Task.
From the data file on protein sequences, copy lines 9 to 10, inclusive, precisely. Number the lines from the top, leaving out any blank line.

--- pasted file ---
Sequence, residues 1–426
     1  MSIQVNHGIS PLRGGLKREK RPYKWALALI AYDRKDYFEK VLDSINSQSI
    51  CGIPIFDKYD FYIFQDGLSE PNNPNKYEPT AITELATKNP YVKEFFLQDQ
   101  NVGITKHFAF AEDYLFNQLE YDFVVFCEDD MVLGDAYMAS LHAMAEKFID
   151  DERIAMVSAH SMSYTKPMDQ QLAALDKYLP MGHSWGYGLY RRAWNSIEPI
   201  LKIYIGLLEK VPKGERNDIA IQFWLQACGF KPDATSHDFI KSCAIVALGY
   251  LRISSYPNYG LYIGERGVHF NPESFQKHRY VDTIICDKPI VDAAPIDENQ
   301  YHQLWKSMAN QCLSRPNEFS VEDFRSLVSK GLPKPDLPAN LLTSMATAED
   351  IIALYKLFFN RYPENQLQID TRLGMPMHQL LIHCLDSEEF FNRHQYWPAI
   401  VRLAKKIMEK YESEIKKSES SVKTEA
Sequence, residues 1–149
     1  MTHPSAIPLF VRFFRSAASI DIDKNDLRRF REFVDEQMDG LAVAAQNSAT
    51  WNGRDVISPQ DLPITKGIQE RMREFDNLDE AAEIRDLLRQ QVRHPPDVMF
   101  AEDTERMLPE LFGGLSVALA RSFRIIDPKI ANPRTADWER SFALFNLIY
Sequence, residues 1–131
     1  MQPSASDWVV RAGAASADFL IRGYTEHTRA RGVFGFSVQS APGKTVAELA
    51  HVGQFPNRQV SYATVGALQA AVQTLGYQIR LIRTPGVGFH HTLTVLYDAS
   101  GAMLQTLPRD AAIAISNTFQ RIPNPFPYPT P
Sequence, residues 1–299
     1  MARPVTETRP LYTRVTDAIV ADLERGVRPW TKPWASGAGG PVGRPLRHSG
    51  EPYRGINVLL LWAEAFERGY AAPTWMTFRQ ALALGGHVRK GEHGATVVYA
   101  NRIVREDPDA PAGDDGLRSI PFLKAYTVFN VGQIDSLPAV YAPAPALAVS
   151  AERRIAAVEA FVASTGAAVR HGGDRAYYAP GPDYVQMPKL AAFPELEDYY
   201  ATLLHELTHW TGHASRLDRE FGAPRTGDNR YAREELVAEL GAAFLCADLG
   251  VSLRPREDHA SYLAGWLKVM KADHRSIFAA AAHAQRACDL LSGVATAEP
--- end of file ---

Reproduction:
   351  IIALYKLFFN RYPENQLQID TRLGMPMHQL LIHCLDSEEF FNRHQYWPAI
   401  VRLAKKIMEK YESEIKKSES SVKTEA